An owner of a Northern California slaughterhouse at the center of a massive beef recall has pleaded guilty to knowingly processing cancer-ridden cattle for human consumption, despite USDA veterinarians warnings that the beef was unsafe.
Jesse Amaral Jr., former co-owner of the now defunct Petaluma-based Rancho Feeding Corporation, admitted to distributing pathogen-ridden beef that had not passed inspection by the US Department of Food and Agriculture.
USDA Inspector General Phyllis Fong released Friday some disturbing findings from her investigation of Rancho Feeding Corp., according to which the company had processed almost nine million pounds of beef cut from “diseased and unsound animals.”
Inspector Fong’s testimony to the House of Representatives explained Amaral told his plant foreman, Felix Cabrera, to have employees get rid of the “USDA-Condemned” stamps on dead cows that had been determined unfit for human consumption.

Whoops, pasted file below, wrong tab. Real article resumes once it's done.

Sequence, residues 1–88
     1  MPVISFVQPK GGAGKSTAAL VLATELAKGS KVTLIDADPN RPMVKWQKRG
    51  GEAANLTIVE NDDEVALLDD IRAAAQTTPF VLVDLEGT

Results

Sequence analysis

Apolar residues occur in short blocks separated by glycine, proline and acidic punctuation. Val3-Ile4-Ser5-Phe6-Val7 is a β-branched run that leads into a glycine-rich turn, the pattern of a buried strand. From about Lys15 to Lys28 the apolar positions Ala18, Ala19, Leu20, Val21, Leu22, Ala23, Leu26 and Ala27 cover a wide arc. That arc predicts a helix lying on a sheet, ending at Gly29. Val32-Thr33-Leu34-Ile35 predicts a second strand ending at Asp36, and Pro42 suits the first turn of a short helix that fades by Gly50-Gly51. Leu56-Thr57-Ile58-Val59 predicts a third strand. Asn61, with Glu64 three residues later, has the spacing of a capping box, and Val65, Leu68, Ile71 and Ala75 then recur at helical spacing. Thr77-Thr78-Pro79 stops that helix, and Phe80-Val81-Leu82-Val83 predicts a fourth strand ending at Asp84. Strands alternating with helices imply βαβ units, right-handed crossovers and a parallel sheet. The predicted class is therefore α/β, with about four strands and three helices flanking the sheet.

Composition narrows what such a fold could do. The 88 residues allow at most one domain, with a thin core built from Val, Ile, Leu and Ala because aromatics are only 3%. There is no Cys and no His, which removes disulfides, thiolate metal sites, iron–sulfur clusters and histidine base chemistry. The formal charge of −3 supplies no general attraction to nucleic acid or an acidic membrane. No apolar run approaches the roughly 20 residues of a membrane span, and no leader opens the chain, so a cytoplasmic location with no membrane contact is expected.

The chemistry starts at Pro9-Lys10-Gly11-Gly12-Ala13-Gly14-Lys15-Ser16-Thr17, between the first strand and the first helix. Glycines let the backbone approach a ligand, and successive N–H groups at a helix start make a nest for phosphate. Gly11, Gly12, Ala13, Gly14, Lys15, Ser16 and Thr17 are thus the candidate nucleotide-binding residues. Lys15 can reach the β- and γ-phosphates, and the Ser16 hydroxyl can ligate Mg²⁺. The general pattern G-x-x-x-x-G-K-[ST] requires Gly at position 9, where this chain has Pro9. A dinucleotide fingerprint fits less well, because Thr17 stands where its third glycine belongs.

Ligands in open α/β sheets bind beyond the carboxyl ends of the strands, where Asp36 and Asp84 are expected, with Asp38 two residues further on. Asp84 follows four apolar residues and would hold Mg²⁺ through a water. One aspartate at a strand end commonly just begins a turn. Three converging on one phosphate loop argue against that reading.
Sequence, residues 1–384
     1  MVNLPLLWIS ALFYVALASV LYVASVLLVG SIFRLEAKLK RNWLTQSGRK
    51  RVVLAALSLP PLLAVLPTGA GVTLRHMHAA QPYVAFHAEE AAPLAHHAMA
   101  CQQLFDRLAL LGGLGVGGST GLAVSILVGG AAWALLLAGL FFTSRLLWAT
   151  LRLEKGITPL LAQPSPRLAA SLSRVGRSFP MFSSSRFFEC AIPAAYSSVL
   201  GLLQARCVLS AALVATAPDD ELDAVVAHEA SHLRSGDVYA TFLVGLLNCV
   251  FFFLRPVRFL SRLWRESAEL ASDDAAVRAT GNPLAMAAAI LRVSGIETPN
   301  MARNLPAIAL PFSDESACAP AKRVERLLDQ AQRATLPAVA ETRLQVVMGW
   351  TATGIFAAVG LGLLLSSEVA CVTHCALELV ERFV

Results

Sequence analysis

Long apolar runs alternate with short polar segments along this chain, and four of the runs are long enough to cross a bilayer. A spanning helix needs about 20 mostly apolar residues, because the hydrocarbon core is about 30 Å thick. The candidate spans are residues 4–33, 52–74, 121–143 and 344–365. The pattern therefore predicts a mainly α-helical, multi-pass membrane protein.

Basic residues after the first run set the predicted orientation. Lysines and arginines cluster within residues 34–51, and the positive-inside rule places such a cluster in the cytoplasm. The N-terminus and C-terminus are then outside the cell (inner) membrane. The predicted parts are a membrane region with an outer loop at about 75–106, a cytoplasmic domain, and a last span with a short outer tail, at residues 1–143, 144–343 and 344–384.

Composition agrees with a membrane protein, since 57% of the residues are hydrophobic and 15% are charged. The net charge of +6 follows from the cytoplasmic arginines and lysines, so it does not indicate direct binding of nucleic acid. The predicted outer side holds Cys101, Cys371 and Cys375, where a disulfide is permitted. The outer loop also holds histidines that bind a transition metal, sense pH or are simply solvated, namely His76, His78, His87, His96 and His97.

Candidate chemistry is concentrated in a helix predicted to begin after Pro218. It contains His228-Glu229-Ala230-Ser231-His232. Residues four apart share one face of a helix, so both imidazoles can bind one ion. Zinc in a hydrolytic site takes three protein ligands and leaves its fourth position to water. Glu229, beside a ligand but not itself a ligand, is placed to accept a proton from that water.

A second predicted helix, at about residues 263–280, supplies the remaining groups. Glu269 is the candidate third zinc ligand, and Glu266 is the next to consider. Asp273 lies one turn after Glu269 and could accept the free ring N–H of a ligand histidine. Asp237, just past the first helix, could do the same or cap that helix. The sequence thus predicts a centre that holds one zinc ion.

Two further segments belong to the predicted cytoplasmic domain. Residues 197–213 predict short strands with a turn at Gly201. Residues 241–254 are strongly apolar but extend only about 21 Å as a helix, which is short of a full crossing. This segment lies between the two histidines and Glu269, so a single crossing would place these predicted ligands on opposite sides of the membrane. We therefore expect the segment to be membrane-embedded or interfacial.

Cabrera was told to ignore procedures for preventing the distribution of meat from cows with “cancer eye.” Prosecutors said employees were instructed to replace the heads of sick cows with those from healthy ones.
“This switch and slaughter of uninspected cows with cancer eye occurred during the FSIS [Food Safety and Inspection Service] inspector’s lunch breaks, a time during which plant operations were supposed to cease,” Fong detailed in her testimony.
Amaral is the third person to plead guilty in a wider conspiracy investigation centered on the slaughterhouse that sparked a series of recalls, including one for 8.7 million pounds of beef.
Another co-owner pleaded guilty last year, saying he had employees swap the heads of diseased cattle for healthy ones.